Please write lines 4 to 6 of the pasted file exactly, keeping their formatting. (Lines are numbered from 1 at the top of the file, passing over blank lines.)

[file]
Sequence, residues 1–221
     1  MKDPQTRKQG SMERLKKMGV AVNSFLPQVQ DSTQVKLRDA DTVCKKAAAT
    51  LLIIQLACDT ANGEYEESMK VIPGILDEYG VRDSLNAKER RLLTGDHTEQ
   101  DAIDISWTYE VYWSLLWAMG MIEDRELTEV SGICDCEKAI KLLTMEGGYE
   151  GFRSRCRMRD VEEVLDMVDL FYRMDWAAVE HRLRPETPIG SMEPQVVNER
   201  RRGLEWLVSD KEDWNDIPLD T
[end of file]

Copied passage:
   101  DAIDISWTYE VYWSLLWAMG MIEDRELTEV SGICDCEKAI KLLTMEGGYE
   151  GFRSRCRMRD VEEVLDMVDL FYRMDWAAVE HRLRPETPIG SMEPQVVNER
   201  RRGLEWLVSD KEDWNDIPLD T